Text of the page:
Originally Posted by hbep
I've experienced a horrible vibrating sensation intermittently which reacts predominantly to other vibrating sounds. In my case I ascertained it's muscular spasm - the best description I've ever found of it is a condition called 'idiopathic stapedial muscle spasm.' Try putting that in a search engine and it should bring up the info. I've also put some info about it on here before. If you put my name in word search on this board, plus those words in word search it should bring it up.
Thanks for your reply. It's most interesting for me as it's the first time I've heard of the condition 'idiopathic stapedial muscle spasm.' I checked out some of your posts (you've certainly done quite a few) and I hope your condition will steadily improve. If there's one thing we're more or less forced to learn when we have inner-ear problems - it's learning to be patient.
Whether or not what you've mentioned regarding the vibrating noise in the ears compares to what I actually have myself I'm not sure. However, to explain...
...a little more, part of my inner-ear damage gives the effect that my ears have a mind of their own sometimes when they sort of go off on a bizarre sound tangent. I've had tinnitus for many years (the permanent high pitched "schweppes bubbles" sound, the deep drone, the helicopter rotor blades "whap-whap-whap" that seem to have a preference for annoying me on awaking in the morning).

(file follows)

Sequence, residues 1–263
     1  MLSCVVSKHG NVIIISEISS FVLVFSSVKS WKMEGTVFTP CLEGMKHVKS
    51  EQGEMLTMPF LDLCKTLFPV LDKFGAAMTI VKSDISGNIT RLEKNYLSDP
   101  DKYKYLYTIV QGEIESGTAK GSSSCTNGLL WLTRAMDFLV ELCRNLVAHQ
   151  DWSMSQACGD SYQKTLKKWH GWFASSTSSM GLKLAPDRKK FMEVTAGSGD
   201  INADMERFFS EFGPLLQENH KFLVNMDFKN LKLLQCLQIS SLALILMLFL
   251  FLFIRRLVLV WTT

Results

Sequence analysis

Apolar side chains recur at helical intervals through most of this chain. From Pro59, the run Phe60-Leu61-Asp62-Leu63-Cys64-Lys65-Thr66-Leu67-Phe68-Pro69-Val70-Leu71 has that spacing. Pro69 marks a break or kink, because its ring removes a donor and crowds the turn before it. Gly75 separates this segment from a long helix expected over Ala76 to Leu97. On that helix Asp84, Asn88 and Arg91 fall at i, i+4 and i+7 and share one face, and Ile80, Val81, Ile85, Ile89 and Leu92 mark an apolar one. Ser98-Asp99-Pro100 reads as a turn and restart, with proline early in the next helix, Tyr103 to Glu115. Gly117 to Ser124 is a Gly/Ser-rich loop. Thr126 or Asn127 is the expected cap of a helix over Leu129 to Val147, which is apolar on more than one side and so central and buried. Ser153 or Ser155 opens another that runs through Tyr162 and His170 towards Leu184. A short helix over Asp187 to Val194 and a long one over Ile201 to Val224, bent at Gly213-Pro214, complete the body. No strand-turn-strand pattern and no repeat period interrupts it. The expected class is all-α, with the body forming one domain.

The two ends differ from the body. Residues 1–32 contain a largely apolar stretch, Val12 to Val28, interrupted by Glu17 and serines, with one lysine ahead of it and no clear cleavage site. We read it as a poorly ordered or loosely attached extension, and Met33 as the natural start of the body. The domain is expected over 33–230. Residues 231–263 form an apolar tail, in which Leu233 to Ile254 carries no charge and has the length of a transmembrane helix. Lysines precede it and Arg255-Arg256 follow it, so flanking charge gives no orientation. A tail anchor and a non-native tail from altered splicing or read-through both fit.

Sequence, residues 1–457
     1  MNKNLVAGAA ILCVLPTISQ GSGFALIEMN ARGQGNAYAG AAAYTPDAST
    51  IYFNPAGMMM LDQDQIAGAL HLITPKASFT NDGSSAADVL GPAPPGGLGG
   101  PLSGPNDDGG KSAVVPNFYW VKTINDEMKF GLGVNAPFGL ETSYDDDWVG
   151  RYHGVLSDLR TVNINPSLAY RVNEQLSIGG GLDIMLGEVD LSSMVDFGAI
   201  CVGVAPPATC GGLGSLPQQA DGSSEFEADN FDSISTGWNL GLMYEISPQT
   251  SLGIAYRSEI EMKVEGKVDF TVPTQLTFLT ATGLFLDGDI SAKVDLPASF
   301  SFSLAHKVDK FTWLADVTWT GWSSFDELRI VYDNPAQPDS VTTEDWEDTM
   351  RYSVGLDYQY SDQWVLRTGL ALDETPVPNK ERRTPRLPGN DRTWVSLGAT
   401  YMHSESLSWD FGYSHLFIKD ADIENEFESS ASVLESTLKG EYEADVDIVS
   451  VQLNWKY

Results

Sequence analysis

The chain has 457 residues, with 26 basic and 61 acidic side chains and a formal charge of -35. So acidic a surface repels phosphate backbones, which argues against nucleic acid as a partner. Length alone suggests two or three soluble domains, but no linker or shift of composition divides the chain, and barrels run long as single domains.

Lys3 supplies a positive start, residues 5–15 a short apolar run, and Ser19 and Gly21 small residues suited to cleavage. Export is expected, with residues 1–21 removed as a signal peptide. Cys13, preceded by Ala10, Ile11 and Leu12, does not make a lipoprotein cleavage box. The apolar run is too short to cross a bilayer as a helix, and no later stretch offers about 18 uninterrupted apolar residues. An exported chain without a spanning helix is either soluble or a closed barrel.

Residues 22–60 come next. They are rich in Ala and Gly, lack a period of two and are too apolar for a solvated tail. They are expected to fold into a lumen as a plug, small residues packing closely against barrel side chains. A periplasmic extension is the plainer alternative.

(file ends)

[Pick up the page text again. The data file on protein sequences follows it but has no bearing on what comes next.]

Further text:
Then if I sit in a train for a few hours, when I get off the train my ears are full of a cacaphony of sound for sometimes hours afterwards, as though they're echoing what I've been hearing on the train except that it doesn't sound like the train, it sounds more like an undescribable hollow droning+vibrating noise. Interestingly enough, this rarely becomes as bad when I've been driving my car for a few hours. Last year I travelled on a noisy jumbo jet and took along some silicone ear plugs as a precaution, which worked very well (I took them out when meals were served, otherwise I wouldn't have heard the hostesses and stewards speaking about serving me some wine
). Recently (in the past few months) I have found that when I'm stressed, the noise and vibrations start up on their own, which never used to happen to me before. The result is that I'll be trying to listen to conversation around me through a wall of cacaphonic sound - very weird. I'm almost certain that atmospheric pressure + climate also effect the extent to which this can occur, as well. My inner-ear specialist feels these sound effects may come from the Otosclerosis and the hardening of the little sound hammer inside the inner ear, but when there's more than one inner-ear problem in a patient it's harder to diagnose the real source of a problem.
Just as a little anecdote to round off, I was in Guadeloupe for two weeks last September. Being a tropical country (near Cuba) there are miniature tree frogs that sing in a very high-pitched chorus for no less than 14 hours out of a 24-hour day (they'd start around 5pm and sing right through the night, non-stop). Amazingly, my tinnitus improved radically during those two weeks. It was nothing short of fantastic. Certainly, I was less stressed, which may have contributed to the decrease in tinnitus, but I'm interested to know whether it was the natural "white noise" provided by the tree frogs that did the trick. I've asked a friend in Guadeloupe to record a 60 minute tape of the frog sounds and send them over to me, as I've decided to try out whether hearing those sounds as I'm drifting off to sleep might help in some way. It will at least be interesting to find out.
Have a pleasant day,